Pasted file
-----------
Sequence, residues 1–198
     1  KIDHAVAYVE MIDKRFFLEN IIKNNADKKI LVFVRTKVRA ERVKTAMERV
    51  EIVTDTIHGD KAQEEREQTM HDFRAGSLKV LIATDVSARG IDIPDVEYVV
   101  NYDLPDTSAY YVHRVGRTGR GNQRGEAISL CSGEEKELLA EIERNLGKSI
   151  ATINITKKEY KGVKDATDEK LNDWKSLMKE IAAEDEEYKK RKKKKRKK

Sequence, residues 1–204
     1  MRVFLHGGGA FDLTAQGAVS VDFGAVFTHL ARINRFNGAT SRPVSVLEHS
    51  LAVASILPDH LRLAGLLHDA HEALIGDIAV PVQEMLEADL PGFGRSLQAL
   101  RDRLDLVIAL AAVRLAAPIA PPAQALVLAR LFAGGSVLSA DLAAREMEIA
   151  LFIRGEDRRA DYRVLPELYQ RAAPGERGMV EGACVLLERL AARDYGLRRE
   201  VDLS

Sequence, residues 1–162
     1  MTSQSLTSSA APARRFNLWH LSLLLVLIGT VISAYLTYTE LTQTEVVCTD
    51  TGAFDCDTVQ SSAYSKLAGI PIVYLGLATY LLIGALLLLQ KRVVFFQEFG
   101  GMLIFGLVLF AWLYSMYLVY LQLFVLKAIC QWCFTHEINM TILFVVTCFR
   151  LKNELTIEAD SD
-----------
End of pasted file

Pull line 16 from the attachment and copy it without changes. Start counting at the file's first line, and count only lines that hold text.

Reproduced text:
   151  LKNELTIEAD SD